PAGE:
Harry Potter Lexicon Found to Infringe J.K. Rowling’s Copyright
By Miriam Weiler – Edited by Evie Breithaupt
This week, Judge Robert P. Patterson of Southern District of New York, granted a permanent injunction against Defendant RDR Books (“RDR”) and awarded statutory damages to Plaintiffs Warner Brothers Entertainment, Inc. and J.K. Rowling (“Warner Bros.” and “J.K. Rowling”) for the infringement of Rowling’s Harry Potter books. In this long awaited decision, the court ruled that RDR’s plan to publish “The Lexicon,” an A-to-Z reference guide to Harry Potter facts written by Steven Vander Ark, infringed upon Rowling’s famous series and two of her other works, Quidditch Through the Ages (2001) and Fantastic Beasts and Where to Find Them (2001).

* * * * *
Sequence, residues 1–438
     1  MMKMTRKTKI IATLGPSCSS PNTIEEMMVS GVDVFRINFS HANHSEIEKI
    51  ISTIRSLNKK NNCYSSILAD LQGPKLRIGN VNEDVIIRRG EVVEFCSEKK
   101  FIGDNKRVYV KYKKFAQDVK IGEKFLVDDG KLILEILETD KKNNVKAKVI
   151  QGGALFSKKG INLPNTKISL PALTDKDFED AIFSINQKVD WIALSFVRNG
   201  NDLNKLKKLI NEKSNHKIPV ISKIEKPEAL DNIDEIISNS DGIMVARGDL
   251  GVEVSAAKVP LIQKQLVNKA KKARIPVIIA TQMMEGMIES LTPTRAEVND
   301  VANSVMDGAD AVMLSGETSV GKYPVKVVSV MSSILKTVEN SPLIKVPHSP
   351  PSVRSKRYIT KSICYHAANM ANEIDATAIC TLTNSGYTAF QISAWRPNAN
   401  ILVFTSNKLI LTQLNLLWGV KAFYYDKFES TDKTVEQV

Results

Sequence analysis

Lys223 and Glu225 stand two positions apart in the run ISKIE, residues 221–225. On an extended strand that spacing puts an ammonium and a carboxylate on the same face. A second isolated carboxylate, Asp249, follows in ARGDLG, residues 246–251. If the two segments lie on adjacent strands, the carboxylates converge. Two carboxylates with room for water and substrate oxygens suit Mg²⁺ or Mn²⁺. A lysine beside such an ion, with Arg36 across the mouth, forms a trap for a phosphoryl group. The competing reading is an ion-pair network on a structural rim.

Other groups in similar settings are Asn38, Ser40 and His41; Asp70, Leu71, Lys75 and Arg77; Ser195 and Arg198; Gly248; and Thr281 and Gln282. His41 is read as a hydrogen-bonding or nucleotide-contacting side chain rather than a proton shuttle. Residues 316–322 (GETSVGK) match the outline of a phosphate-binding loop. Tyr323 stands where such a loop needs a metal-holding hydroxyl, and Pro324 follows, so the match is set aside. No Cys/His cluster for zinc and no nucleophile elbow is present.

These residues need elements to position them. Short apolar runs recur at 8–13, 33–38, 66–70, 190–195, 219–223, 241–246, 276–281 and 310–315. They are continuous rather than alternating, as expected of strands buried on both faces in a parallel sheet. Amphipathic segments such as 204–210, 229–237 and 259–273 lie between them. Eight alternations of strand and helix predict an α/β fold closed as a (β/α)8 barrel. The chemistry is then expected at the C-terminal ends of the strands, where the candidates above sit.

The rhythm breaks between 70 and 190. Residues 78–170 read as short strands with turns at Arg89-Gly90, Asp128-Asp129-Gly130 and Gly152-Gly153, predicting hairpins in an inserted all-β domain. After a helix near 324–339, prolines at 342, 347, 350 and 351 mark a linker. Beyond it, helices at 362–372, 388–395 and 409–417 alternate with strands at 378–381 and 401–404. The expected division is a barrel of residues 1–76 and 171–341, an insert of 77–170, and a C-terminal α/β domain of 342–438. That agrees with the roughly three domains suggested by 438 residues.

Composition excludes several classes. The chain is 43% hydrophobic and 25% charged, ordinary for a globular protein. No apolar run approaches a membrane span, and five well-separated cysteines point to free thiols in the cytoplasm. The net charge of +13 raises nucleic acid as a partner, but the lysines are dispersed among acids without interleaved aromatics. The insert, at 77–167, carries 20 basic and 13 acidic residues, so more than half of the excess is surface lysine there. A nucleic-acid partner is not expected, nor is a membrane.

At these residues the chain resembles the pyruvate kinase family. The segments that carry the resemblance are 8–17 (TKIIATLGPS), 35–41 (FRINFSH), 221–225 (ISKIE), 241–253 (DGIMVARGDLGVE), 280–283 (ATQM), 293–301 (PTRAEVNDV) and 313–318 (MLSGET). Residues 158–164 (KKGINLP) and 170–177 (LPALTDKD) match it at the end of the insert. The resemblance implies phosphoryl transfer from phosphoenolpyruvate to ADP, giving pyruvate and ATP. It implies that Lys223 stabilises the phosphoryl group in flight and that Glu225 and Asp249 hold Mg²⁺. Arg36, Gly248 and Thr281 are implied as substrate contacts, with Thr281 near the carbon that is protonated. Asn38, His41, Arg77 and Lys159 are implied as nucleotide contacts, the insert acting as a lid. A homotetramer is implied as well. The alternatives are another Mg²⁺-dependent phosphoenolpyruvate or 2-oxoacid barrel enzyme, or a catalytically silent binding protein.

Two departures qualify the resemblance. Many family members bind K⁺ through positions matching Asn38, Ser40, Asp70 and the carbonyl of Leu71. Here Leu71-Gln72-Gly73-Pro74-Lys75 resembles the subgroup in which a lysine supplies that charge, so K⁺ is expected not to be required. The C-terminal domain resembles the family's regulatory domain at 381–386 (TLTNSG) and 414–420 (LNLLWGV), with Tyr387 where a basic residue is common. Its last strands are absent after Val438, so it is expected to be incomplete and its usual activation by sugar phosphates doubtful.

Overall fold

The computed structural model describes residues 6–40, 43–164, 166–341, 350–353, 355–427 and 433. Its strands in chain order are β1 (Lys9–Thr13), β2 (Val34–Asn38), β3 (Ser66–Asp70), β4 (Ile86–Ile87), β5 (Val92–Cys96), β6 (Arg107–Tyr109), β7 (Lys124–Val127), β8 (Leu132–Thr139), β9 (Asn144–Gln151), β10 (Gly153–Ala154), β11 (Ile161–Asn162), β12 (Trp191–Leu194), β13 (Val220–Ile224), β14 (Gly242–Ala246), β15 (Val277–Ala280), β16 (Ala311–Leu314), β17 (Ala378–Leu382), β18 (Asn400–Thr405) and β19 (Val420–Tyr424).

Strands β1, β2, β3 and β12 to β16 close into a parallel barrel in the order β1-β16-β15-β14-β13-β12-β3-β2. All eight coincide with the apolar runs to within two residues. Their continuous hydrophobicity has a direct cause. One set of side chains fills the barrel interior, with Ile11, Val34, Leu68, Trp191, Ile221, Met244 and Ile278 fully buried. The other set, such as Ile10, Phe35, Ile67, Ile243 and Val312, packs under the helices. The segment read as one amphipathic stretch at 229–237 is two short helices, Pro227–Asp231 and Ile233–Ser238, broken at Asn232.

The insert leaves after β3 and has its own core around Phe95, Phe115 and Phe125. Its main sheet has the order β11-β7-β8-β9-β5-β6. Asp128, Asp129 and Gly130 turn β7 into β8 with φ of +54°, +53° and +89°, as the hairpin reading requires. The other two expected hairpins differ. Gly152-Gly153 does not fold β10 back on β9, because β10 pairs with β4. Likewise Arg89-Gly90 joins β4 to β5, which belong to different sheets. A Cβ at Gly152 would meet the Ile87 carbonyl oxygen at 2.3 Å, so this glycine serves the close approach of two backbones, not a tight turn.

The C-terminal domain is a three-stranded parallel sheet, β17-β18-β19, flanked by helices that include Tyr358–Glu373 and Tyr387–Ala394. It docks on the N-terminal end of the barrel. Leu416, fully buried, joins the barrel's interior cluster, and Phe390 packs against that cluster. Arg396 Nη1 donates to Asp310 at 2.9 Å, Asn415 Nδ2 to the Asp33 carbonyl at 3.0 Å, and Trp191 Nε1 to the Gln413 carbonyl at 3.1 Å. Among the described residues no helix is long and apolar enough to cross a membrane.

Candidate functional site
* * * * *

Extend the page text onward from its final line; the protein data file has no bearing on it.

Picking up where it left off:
There was no dispute that J.K. Rowling owned the copyright to the Harry Potter series, the film rights of which had been licensed to Warner Bros., and that Steven Vander Ark had originally copied from the books to create an online reference source called “The Harry Potter Lexicon.” The court applied the Ringgold test for substantial similarity, finding that Vander Ark copied a quantity and quality of material sufficient for infringement when he developed the website into a book to be published by RDR.
Briefs and relevant court documents are available here.
The Wall Street Jounal provides an overview of the case, and the Vanderbilt Journal of Entertainment & Technology Law features a thorough analysis of the decision.